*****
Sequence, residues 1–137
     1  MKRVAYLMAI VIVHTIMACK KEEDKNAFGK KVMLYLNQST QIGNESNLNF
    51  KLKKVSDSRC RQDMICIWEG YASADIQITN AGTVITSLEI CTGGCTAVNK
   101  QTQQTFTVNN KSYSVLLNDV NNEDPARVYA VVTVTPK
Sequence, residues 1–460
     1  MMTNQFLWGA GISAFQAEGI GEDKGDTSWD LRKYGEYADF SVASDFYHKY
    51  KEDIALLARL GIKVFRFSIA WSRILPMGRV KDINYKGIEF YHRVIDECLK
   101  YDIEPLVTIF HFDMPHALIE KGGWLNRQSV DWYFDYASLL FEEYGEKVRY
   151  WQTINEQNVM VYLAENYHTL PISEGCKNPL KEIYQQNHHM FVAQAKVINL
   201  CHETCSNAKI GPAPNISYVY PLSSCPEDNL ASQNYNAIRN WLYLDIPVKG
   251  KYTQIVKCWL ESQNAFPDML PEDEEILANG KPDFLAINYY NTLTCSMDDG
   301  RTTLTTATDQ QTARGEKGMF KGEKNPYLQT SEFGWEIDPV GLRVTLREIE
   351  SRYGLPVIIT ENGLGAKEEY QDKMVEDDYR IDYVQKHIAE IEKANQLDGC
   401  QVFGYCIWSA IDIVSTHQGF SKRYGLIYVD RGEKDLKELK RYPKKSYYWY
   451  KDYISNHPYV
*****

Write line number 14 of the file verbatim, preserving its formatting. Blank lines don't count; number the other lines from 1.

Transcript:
   401  QVFGYCIWSA IDIVSTHQGF SKRYGLIYVD RGEKDLKELK RYPKKSYYWY